A solution of 210 g (1 mol) of citric acid monohydrate in 100 g of water was mixed with 204 g (3 mol) of a 25% strength aqueous ammonia solution, and the mixture was heated for 7 hours at 140° C. in an autoclave. The HPLC analysis indicated about 30% of citric acid in the reaction mixture and a reaction product at 1.98 minutes (10%) and one at 6.3 minutes (60%). The pH of the solution was brought to 7.
(Polymers of ammonia and aconitic acid, citric acid and itaconic acid)
1 mol of the polybasic carboxylic acid stated in Table 1 was dissolved in 800 ml of water, and 1 mol of 25% strength aqueous ammonia solution was added. The solution was evaporated to dryness under reduced pressure, and the powder residue was heated for 4 hours at the temperature stated in Table 1. To determine the molecular weight, a sample was neutralized to pH 7 with sodium hydroxide solution and characterised by GPC (sodium polyacrylates as standard). The molecular weights determined are listed in Table 1.
TABLE 1______________________________________ Highest mole-Polybasic Temper- Molecular weight cularExample carboxylic ature Number Weight weightNo. acid (°C.) average average up to______________________________________3 Sodium 220 1270 1310 3000 citrate4 Aconitic 160 1400 1500 4500 acid5 Itaconic 135 1340 1410 4500 acid______________________________________
A solution of 1 mol of citric acid and 1 mol of aqueous 25% strength ammonia was evaporated to dryness, and the residue was heated to the temperature stated in Table 2. After cooling, the sample was dissolved in water, brought to pH 7 with sodium hydroxide solution and analyzed by HPLC.
TABLE 2______________________________________ GPC Temper- RetentionExample Carboxylic ature Time time,No. acid (°C.) (hours) proportion______________________________________ 1.9 min (2%) 2.0 min (5%)6 Citric acid 120 6 2.2 min (40%)7 Citric acid 105 17 3.6 min citric acid (53%)______________________________________
Testing the performance characteristics of the polymeric reaction products
CD test (Clay dispersing)
Finely milled china clay SPS 151 is used as a model for particulate dirt. 1 g of clay is thoroughly dispersed in 98 ml of water for 10 minutes in a 100 ml glass cylinder with the addition of 1 ml of a 0.1% strength sodium salt solution of the polyelectrolyte. Immediately after stirring, a 2.5 ml sample is taken from the centre of the glass cylinder and is diluted to 25 ml, after which the turbidity of the dispersion is determined using a turbidimeter. After the dispersion has been standing for 30 and 60 minutes, samples are again taken and the turbidity is determined as above. The turbidity is expressed in NTU (nephelometric turbidity units). The less the dispersion settles out during storage, the higher are the measured turbidity values and the more stable is the dispersion. The dispersion constant, which describes the behavior of the sedimentation process as a function of time, is determined as a second physical parameter. Since the sedimentation process can be approximately described by a monoexponential time law, τ is the time in which the turbidity decreases to 1/eth of the initial state at time t=0.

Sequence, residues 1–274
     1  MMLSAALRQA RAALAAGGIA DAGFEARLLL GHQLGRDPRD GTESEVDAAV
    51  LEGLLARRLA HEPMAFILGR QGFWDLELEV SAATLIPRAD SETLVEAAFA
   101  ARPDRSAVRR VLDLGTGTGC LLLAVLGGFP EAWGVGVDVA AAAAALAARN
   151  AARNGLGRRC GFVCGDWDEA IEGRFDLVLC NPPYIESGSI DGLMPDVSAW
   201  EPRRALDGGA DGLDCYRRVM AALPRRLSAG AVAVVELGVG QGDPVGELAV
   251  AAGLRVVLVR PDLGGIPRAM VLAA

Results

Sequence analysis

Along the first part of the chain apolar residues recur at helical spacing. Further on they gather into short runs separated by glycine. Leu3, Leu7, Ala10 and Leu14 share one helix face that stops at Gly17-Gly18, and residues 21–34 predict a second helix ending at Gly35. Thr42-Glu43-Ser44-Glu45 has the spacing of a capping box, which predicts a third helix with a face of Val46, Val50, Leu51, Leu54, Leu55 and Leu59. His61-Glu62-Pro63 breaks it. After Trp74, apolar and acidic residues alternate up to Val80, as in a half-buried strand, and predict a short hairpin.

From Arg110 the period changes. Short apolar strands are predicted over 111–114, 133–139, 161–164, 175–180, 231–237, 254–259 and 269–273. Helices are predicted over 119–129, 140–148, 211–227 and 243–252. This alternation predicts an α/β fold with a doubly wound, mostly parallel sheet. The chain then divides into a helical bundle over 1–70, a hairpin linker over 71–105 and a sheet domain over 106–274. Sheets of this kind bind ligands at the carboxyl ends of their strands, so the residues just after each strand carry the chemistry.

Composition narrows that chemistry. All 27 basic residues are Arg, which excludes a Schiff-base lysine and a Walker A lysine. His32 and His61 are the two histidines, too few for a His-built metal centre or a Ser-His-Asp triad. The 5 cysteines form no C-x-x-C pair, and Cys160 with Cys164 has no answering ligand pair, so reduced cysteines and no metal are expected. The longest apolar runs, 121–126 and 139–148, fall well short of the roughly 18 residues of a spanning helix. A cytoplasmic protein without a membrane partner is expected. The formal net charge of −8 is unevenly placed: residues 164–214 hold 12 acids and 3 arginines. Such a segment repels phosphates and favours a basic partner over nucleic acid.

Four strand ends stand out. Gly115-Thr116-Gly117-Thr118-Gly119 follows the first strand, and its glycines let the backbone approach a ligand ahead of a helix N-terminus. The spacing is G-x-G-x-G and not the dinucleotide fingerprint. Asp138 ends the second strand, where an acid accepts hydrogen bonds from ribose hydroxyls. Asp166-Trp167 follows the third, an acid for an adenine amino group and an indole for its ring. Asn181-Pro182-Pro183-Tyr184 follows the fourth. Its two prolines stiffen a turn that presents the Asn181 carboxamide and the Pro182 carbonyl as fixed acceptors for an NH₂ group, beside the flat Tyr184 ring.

The higher the value of τ, the more slowly does the dispersion settle out.
Calcium carbonate dispersing capacity (CCDC)
The calcium carbonate dispersing capacity was determined by dissolving 1 g of the copolymer in 100 ml of distilled water, neutralizing it if required by adding 1M sodium hydroxide solution, and introducing 10 ml of 10% strength sodium carbonate solution. The solution was then titrated at constant pH and constant temperature with 0.25M calcium acetate solution until turbidity occurs. The pH is obtained by adding either dilute sodium hydroxide or hydrochloric acid solution. The dispersing capacity was determined at 20° C. and pH 11. The results are shown in Table 3.
TABLE 3______________________________________ Reaction product accord- τ Efficiency CCDCExample ing to Example (min) (%) [mg/g]______________________________________ 8 1 341 93.6 135 9 2 314 92.6 13010 3 358.4 92.6 --11 4 177.6 88.2 5012 5 202.2 79.3 --13 6 150 89.8 8514 7 271 88.7 80Comp.Example 1 Sodium aconitate 155 78.8 25 2 Polyacrylate 345 100 80 (Molecular weight 5000) 3 Itaconate 50.7 20 20______________________________________
Table 3 shows that the clay dispersing properties of aconitic and itaconic acid can be improved by the reactions.
The novel reaction products are biodegradable. Products having high CCDC values can be used as incrustation inhibitors in detergents.
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|U.S. Classification||510/476, 528/342, 525/432, 510/361, 525/420, 528/328, 528/329.1, 528/363, 510/499|
|International Classification||C11D3/20, C08G73/00, C11D3/37, C08G69/00|
|Cooperative Classification||C08G69/00, C11D3/37, C11D3/2086, C08G73/00, C11D3/2082|
|European Classification||C11D3/20E3, C08G69/00, C11D3/37, C11D3/20E5, C08G73/00|
|Nov 26, 1996||AS||Assignment|
Owner name: BASF AKTIENGESELLSCHAFT, GERMANY
Free format text: ASSIGNMENT OF ASSIGNORS INTEREST;ASSIGNORS:KRONER, MATTHIAS;HARTMANN, HEINRICH;BOECKH, DIETER;AND OTHERS;REEL/FRAME:008241/0287
Effective date: 19941219
|Jan 9, 2001||REMI||Maintenance fee reminder mailed|
|Jun 17, 2001||LAPS||Lapse for failure to pay maintenance fees|
|Aug 21, 2001||FP||Expired due to failure to pay maintenance fee|
Effective date: 20010617